A reader writes:
I’m going through a period of immense change. I feel like I’m at a point in my journey where I’ve had to end some really close relationships and leave a job because they weren’t aligned with my values, priorities, or path of growth. Still, change isn’t easy. Change itself causes a lot of uncertainty and anxiety. So even though I feel very confident I need to clear these things in order to move forward, so much change leaves me feeling unstable. Do you have some words of wisdom related to having faith in yourself, trusting your intuition, while moving through times when so many things tied to your identity are so up in the air?
Anam Thubten, a Tibetan Buddhist monk writes in his book, No Self No Problem:
True freedom is emancipation from our concepts, from the psychological veil that is distorting our view of the way things are. When such freedom is attained, we begin to see that life is inherently perfect, just as it is . . .
We get scared (sometimes terrified) in the middle of life-altering change, because it feels like a death.
It IS a death, actually.
So we look for ways to grip onto something to feel more secure; A place to feel safe; A refuge from dying. And the way we express it most is by searching for an identity.
We want to know who we are as we try to attach to something, whether that’s in faith or trusting our intuition, seeking an explanation, or even wanting a spiritual awakening.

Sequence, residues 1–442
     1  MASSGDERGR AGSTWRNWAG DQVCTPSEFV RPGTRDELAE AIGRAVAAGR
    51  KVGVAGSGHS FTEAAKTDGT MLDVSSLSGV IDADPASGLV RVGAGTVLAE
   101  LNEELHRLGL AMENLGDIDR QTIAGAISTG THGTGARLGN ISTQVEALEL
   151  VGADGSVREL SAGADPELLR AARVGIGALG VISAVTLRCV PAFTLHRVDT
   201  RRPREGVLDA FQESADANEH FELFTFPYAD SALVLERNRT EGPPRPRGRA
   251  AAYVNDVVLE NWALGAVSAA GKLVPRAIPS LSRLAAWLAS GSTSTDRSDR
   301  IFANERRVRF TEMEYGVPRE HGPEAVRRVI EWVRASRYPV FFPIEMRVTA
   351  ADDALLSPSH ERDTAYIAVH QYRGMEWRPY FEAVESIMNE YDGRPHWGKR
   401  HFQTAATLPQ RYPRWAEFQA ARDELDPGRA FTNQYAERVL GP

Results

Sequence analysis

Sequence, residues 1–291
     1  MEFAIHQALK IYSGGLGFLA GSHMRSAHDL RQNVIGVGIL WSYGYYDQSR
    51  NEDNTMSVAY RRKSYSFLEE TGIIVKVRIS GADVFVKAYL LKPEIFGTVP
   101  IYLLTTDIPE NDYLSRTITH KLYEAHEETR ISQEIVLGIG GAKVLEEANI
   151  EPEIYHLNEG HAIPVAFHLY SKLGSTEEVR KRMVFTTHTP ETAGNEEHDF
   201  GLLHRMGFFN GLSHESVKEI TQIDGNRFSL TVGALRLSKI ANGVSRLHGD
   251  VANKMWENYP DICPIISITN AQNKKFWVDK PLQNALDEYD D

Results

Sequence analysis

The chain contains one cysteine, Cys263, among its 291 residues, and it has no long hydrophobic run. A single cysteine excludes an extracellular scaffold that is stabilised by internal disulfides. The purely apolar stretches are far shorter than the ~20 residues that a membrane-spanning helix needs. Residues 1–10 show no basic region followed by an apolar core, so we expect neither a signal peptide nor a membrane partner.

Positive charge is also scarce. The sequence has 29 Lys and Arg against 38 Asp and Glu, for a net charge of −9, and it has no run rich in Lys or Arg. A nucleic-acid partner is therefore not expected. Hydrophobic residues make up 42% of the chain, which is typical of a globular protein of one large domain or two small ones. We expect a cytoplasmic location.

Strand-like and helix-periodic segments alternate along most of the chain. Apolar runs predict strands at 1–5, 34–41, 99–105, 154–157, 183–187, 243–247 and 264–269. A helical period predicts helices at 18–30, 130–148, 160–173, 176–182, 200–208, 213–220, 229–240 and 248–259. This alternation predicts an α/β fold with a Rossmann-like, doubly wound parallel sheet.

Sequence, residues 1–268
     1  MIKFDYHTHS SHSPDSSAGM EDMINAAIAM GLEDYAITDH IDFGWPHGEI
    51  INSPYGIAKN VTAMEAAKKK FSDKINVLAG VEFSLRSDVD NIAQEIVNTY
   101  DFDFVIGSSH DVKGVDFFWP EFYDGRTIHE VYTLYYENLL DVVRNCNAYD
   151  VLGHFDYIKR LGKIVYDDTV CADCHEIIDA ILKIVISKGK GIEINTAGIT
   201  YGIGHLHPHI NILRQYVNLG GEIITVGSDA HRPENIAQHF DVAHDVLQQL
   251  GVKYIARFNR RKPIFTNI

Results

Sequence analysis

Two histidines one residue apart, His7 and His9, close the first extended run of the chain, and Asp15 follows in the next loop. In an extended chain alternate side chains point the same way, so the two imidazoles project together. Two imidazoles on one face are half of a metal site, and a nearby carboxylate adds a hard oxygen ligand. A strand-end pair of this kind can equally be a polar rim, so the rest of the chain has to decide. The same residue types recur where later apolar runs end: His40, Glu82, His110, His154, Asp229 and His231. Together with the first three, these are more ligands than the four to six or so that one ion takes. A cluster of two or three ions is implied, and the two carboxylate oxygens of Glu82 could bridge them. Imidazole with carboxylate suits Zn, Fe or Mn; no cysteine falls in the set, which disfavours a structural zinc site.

But in the midst of change, we can feel like we’re spinning on a wheel. The more we hold on the more we get nauseous and dizzy.
If we don’t cling to the past trying to make something that no longer exists make sense, and we don’t try to predict and control our future, we’re left in the present, simply with emptiness.
It’s there in THAT non-attachment where we achieve our utmost certainty in ourselves and our path.
I see it as a great adventure. The fun is in being curious. And that curiosity can lead us in exploring whole new exciting territories.
We can ask, Who am I now? But the answer comes from NOT answering the question. Because as soon as we ask the question, the Who am I now? is already gone, slipping into the past already.
This may seem super esoteric. But it’s so simple and so close, our minds simply don’t know what to do with it.
It’s these times of transition that force us to let go of everything we know so that we can discover the TRUTH of our inherent nature.
And that is: The very thing we’re seeking is already here.
Whenever times-of-great-change occurs, I trust great things are happening. In the midst of feeling like I’m losing myself and no longer know who I am anymore, I know I’m coming closer to HOME.
I’m being stripped of the layering accumulated throughout my lifetime — beliefs, lies, and distortions that I learned to carry, covering who I truly am inside.
Whenever I question, “Who am I?” it’s a sign I’m closer to knowing the answer deeper than ever before.
Each time my life disrupts and I’m off swimming (sometimes flailing, sometimes drowning), I learn how to let go of efforting to know who I am more and more.
Releasing that “trying” sets me free. Free to be me. Always changing. Always dying. And always reborn.
Here’s to knowing the truth of who we are!